A Beginner's Guide to the Steel Construction Manual, 14th ed Chapter 1 - Introduction © 2006, 2007, 2008, 2011 T. Bartlett Quimby
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Section 1.1

Introduction

Last Revised: 12/08/2014

Structural steel is one of the basic materials used by structural engineers. Steel, as a structural material has exceptional strength, stiffness, and ductility properties. As a result of these properties, steel is readily produced in a extensive variety of structural shapes to satisfy a wide range of application needs. The wide spread use of structural steel makes it necessary for structural engineers to be well versed in its properties and uses.

The structural steel industry in the United States is represented principally by the American Institute of Steel Construction (AISC). AISC works tirelessly to advance the science and art associated with producing, designing, fabricating, and erecting structural steel. One of their many available resources is the AISC Steel Construction Manual (SCM). This text focuses on training the engineering student to apply the basic design specifications contained in the SCM. In addition, the reader will become familiar with many of the design aids contained in the SCM.

In order for a student to progress through the material presented in this text, it is essential that they are well versed in engineering statics, mechanics, properties of materials, and structural analysis. Some of the required concepts that need to be mastered prior to undertaking this course are:

• Statics
• The ability to compute reactions on basic structures under given loading.
• The ability to determine stability and determinacy
• The ability to determine internal forces in statically determinate structures.
• develop shear and moment diagrams
• The ability to solve truss problems (both 2D and 3D) by using
• method of joints
• method of sections
• The ability to solve "machine" problems
• The ability to compute of section properties including
• cross sectional area
• Moments of Inertia for section of homogenous materials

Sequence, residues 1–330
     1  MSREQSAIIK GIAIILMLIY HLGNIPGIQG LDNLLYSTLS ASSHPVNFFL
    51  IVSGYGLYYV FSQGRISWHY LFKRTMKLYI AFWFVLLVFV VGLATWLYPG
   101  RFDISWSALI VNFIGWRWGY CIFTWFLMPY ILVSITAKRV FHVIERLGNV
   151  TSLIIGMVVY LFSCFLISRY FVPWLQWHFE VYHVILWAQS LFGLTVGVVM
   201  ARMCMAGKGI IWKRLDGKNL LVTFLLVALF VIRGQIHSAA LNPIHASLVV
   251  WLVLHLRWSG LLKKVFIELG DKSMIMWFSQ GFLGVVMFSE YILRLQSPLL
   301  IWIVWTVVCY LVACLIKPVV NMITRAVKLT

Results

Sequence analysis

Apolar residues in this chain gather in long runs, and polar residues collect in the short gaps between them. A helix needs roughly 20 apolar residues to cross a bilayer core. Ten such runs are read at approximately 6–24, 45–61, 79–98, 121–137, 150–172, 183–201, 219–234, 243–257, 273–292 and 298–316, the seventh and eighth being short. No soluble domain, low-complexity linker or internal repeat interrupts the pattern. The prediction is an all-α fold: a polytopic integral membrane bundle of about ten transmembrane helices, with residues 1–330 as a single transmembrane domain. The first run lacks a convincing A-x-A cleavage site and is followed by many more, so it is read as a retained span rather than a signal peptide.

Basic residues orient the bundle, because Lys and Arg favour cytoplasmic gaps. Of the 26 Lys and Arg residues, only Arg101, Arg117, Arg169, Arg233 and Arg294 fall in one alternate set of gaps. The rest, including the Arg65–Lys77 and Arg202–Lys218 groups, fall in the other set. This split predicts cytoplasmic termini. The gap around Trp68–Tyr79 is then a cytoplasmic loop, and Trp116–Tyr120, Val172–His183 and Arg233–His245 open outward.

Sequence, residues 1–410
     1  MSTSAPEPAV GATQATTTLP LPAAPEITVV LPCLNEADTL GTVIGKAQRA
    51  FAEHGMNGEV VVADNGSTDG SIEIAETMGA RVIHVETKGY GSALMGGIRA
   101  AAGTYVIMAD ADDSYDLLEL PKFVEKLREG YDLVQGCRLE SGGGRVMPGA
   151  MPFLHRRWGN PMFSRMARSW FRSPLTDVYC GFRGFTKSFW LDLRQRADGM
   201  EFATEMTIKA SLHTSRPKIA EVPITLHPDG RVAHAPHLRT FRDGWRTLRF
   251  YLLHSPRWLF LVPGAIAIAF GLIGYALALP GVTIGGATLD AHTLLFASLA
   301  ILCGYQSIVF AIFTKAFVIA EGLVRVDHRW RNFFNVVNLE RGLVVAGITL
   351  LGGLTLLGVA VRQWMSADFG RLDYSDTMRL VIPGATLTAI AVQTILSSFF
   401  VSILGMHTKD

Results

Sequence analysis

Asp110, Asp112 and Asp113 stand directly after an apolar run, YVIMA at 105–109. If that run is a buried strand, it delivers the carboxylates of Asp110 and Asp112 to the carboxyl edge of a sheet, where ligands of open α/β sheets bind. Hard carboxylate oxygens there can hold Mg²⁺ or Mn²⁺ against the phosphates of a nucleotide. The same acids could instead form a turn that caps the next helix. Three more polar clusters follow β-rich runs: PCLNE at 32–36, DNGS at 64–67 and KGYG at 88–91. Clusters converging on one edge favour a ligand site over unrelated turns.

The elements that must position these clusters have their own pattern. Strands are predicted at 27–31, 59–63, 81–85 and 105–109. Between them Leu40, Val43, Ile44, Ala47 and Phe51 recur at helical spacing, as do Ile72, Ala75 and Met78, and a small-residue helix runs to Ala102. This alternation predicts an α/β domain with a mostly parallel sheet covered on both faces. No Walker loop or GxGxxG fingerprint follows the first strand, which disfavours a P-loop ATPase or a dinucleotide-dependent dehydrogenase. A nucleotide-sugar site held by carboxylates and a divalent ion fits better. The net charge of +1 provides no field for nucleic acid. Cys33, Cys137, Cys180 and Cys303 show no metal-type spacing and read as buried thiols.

• Moments of Inertia for composite sections
• Mechanics
• An understanding of stress and strain concepts
• The ability to compute stress including
• axial stress
• bending stress
• shear stress (due to both bending and torsion)
• principle stress
• stress on arbitrary planes
• The ability to compute the buckling capacity of columns
• The ability to compute deflection in beams
• The ability to compute reactions and internal forces for statically indeterminate structures
• Properties of Materials
• The ability to read stress-strain diagrams to obtain critical material properties including:
• Yield stress
• Ultimate stress
• Modulus of Elasticity
• Ductility
• An understanding of the statistical variation of material properties.
• Structural Analysis
• An understanding of the nature of loads on structures
• The ability to compute and use influence diagrams.
• The ability to solve truss problems (forces and deflections)
• The ability to solve frame problems (forces and deflections)
• The ability to use at structural analysis software
• Other Needed Skills
• The ability to use a word processor
• The ability to use a spreadsheet program to develop spreadsheet solutions to the problems presented in this text.
• The ability to use a CAD program to generate drawings and sketches for inclusion in your computations.

After thoroughly studying this text, readers will be: